Hillary Clinton is not the only person doing P.R. to legitimize the government of Honduras that rose to power in the wake of the U.S.-backed 2009 coup, overseeing a dramatic escalation in violence against Indigenous, human rights and environmental defenders.
The powerful U.S.-based P.R. firm Ketchum—which is owned by Omnicom—was paid $421,333 last June for a one-year contract with the Honduran government that continues into the present. One of the largest such agencies in the world, the firm is headquartered in New York and claims to operate in 70 countries on six continents. It describes itself as “a global communications firm that loves to do break through work for clients” and boasts: “we’re just crazy enough to believe you can actually change the world.”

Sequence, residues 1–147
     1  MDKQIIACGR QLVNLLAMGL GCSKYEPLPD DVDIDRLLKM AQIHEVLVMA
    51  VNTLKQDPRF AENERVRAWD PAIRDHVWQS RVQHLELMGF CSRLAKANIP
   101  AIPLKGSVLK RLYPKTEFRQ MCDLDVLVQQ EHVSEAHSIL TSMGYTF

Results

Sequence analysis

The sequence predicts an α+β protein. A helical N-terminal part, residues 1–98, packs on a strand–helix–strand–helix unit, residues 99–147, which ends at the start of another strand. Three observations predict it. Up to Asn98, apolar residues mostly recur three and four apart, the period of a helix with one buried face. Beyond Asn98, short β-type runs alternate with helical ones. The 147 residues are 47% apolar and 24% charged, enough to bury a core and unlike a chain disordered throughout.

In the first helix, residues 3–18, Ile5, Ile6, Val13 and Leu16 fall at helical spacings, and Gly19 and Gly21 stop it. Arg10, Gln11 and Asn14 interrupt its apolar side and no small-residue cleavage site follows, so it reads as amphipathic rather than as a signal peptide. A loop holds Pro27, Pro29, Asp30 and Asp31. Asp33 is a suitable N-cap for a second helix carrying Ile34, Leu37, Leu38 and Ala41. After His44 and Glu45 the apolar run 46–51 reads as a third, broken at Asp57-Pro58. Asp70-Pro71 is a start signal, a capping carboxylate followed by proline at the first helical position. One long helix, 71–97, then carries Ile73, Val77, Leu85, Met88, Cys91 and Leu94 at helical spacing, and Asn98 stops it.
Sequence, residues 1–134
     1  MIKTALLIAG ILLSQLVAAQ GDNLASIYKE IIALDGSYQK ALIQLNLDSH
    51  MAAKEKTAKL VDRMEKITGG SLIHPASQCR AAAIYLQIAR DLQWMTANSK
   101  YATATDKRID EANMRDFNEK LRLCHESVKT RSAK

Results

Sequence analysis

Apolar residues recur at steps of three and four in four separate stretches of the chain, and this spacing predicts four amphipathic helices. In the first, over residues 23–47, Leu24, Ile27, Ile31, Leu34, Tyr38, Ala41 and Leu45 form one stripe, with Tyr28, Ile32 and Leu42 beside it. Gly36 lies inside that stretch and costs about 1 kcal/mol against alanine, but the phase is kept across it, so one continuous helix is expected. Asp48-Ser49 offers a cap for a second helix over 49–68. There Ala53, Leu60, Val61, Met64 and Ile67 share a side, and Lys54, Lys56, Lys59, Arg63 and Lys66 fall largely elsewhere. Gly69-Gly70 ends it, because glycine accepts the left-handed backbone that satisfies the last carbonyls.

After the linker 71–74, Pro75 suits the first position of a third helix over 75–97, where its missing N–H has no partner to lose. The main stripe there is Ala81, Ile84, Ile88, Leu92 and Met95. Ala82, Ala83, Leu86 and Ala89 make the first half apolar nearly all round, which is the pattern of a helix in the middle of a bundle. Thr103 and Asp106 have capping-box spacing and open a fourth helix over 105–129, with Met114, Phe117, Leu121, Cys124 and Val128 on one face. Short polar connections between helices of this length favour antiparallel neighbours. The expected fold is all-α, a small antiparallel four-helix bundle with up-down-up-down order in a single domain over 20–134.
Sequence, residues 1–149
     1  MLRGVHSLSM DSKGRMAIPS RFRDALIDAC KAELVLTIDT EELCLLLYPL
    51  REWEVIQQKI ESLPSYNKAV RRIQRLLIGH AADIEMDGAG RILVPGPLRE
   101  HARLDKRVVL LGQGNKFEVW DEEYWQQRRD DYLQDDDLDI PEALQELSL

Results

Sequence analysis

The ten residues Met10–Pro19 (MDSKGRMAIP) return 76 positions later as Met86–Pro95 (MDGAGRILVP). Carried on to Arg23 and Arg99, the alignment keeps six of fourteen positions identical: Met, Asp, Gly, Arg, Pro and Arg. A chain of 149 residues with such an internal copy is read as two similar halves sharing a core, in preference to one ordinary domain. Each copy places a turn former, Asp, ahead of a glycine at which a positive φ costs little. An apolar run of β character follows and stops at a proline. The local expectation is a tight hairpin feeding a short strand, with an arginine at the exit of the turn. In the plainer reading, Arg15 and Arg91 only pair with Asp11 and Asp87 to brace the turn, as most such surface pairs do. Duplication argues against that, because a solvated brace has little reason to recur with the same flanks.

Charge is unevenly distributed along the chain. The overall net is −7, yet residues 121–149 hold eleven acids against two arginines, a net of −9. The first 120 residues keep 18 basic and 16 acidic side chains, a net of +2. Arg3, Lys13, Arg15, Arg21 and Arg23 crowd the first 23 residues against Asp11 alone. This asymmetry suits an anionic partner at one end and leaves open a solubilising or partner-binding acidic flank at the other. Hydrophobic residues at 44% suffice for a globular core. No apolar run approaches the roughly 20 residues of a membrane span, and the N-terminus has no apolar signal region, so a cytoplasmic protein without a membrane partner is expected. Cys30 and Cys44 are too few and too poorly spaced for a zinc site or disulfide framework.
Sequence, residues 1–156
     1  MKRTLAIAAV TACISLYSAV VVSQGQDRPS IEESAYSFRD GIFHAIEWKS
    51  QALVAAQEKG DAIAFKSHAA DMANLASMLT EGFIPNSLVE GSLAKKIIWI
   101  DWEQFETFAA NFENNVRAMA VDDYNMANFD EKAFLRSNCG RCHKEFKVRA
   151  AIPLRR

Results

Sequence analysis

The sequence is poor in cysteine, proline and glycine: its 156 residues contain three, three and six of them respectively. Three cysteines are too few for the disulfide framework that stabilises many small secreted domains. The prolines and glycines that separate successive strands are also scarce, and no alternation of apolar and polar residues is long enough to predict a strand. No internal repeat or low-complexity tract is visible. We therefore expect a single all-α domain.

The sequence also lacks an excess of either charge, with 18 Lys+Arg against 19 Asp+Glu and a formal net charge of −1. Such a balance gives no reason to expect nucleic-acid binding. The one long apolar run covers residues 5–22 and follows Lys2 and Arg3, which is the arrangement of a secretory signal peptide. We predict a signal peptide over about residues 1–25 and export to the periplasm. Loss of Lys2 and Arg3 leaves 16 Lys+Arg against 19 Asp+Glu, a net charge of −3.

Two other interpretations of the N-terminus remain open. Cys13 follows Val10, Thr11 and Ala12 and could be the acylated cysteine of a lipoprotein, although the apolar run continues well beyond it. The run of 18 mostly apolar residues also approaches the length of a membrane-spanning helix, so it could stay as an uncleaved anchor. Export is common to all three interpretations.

The company is representing the government of Honduras in the midst of an escalating human rights crisis defined by a spate of assassinations of Indigenous environmental activists, including the renowned social movement leader Berta Cáceres. Today, Honduras is one of the most dangerous places on earth for environmental defenders, with activists reporting that death squads are making a comeback. Human rights and environmental groups from around the world are calling on Secretary of State John Kerry to halt military aid to the Honduran government until an investigation into Cáceres’ murder is fully carried out. Meanwhile, new reporting from the New York Times shines light on police leaders’ unchecked power to order assassinations.